Rachael joseph, executive director
Rachael got involved in the gun reform movement after her aunt Shelley was murdered in the courthouse shooting at the Hennepin County Government Center in downtown Minneapolis, MN on September 29th, 2003. The shooter had purchased a gun for $60 through a private sale at a gun show with no background check required by state law.
Rachael is a former Survivor Engagement Lead with Mayors Against Illegal Guns/Everytown for Gun Safety and former Director of Outreach and Communications at Protect Minnesota, both gun violence prevention groups. She is a 2019 New Leaders Council Fellow, volunteers at Lucy Craft Laney elementary, serves on the Board of Directors at the Minnesota Alliance on Crime, the Advisory Board for the Women’s March, and the Board of Directors at Art is My Weapon MN, Rachael does relief work as a Victim/Survivor Advocate for victim/survivors of domestic violence, sexual violence and human trafficking at Cornerstone.
Rachael also has a background in electoral politics as a former volunteer for Senator Paul Wellstone, former Field Organizer for Representative Raymond Dehn's Mayoral campaign, former Campaign Manager for Neighbors for Sara Freeman, former Communications Director for Paul Thissen for Governor and former Campaign Manager for Representative Jim Davnie. Rachael founded Survivors Lead with the philosophy that gun reform will be achieved through a more representative government by electing public servants that are also trauma survivors.
Julie browder eichorn, board of directors
Julie Eichorn has a passion for getting millennials and disenfranchised communities involved in the political process. Julie is a former Advocacy Lead for Moms Demand Action for Gun Sense in America, Ohio Chapter, an organization that formed after the Sandy Hook massacre to promote sensible gun laws in America. This work has had her lobbying legislators in Washington DC and in Columbus, Ohio. As the former National Diversity Coordinator for the group, her focus is getting communities of color involved in gun reform. She is a member of several other community groups fighting to curb violence in the Columbus area.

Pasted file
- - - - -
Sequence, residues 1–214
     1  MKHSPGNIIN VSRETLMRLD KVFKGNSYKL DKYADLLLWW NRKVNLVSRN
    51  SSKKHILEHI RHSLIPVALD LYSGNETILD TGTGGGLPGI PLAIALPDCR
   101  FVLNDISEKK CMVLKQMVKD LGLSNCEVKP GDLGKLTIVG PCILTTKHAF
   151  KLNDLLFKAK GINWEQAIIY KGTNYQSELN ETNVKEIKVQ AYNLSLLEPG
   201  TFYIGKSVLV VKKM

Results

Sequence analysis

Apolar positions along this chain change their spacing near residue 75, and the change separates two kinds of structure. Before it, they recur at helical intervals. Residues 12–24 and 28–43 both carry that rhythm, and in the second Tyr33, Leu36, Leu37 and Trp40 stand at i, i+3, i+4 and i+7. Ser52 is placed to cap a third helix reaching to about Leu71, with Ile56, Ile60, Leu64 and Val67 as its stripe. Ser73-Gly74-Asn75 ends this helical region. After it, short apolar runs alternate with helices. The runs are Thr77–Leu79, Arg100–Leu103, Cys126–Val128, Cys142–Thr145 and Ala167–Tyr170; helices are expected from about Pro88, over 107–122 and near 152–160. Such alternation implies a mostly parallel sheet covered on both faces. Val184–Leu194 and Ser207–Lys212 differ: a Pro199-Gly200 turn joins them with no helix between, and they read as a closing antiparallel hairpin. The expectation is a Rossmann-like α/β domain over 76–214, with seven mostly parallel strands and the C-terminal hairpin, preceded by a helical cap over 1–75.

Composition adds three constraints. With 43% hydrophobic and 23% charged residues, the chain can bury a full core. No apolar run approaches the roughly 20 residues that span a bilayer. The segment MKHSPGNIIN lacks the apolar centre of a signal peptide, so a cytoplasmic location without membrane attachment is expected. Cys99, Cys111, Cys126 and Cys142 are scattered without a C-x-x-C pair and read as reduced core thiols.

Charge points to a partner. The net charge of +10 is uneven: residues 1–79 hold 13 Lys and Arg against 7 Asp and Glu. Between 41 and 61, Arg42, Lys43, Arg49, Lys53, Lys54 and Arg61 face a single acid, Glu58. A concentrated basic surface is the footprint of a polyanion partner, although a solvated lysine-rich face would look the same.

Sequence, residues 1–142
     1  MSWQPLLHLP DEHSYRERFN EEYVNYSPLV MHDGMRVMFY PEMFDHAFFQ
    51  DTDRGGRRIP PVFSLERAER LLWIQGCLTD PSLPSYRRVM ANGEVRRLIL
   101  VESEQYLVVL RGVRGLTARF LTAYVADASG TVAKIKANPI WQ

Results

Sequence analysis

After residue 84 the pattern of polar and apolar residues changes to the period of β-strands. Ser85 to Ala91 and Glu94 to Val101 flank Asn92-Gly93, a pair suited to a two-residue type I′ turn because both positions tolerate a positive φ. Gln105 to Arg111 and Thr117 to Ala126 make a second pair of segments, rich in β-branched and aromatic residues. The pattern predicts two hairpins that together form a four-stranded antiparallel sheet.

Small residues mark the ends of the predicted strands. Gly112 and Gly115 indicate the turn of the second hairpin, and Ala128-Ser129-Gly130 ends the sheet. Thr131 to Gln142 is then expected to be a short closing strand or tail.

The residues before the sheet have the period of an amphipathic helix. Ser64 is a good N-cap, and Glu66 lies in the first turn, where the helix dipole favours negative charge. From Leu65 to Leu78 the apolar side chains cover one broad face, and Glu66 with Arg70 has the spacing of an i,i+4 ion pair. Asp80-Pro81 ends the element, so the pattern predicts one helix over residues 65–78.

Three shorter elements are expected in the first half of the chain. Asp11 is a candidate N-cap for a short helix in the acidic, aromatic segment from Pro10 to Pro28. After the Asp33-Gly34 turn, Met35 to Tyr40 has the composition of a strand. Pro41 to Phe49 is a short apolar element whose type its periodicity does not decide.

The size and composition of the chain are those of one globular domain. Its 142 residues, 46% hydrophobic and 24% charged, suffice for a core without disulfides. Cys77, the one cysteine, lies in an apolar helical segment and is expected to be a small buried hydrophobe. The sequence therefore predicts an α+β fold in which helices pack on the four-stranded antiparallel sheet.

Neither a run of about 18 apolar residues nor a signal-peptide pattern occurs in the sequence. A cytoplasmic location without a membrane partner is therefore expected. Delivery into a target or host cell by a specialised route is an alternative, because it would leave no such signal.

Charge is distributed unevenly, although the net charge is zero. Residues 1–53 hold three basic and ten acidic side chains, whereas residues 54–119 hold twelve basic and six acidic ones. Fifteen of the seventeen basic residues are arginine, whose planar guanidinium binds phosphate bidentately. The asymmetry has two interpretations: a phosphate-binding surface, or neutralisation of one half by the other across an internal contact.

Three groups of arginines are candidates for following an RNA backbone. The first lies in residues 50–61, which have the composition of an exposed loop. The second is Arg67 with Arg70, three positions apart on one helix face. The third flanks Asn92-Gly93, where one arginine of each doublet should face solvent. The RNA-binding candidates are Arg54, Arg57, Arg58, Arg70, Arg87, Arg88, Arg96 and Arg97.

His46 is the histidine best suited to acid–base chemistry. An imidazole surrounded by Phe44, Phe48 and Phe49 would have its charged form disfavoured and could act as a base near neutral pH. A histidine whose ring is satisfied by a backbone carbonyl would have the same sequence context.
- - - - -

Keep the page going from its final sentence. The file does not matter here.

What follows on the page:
Julie is a former city councilwoman of Pataskala, Ohio, where she represented the third ward of the city. She is a former president of the Licking County branch of NAACP and a former member of the Mental Health and Recovery Board for Licking and Knox counties. She resides on the northeast side of Columbus with her fiancé Leo and is the mother of three millennials, Matthew, Brittany and Sarah.
Nikki McComb, Board of Directors
NIKKI MCCOMB, BOARD OF DIRECTORS
Nikki McComb's public safety campaign, titled #ENOUGH, uses art as a catalyst for change and social disruption. Taking on the trenchant issue of illegal firearms, Nikki uses photographs and video to reach people from the community level to the legislature. She provides communities an outlet where they feel safe enough to ask for help, empowered enough to provide help, provoked enough to work harder toward unity, and unified enough to make collective change through art.
For seventeen years, McComb has applied her artistic interests and skills to working in north Minneapolis, and surrounding communities, toward youth and family opportunity. In addition to being an art educator, she has organized exhibitions including Art Is My Weapon (Guns in the Hands of Artists). The Art Is My Weapon program worked with local artists, turning decommissioned firearms into creative works for display. McComb is also the Creative Community Coordinator at Pillsbury United Communities. In 2014 and 2015, she received numerous community leadership awards. She is a former recipient of a photography Micro Grant, and a 2017 recipient of the Jerome Hill Artist Fellowship. She has held exhibition space with three or more exhibits and curated Art Is My Weapon two years in a row. She currently resides in north Minneapolis, MN.
Joe McLean, Board of Directors
Joe McLean, board of directors
Joe McLean is a trauma survivor and his driver’s license still has an endorsement for Minnesota DNR firearm safety training from 42 years ago. In military high school, he learned marksmanship from retired Korea and Vietnam vets. McLean carried a 45-caliber pistol, 12-gauge shotgun and M14 Springfield rifle when he served in the Navy. He received special training in defensive handgun use at the American Pistol Institute. But by the mid-90s, McLean soured on the extremism evident among more and more gun owners. Joe felt the hunter and enthusiast culture that once promoted safety and marksmanship began to resemble a cult. McLean lost interest and parted ways.
In 1998, big tobacco settled a nationwide class action suit and stopped marketing a harmful product at children. This didn’t happen overnight. Decades of pressure from survivors caused a tectonic shift in public attitude. Many knew they wouldn’t bear witness to that day, but their children or their grandchildren might.
Joe focuses on political operatives misleading and dividing Americans over firearm policy, because this consumer product is killing our children. Americans are poised for change. Survivors have reached a tipping point. We refuse to accept the status quo. Lawmakers can be brave and send political operatives packing or they will answer to a new generation of survivors at the polls.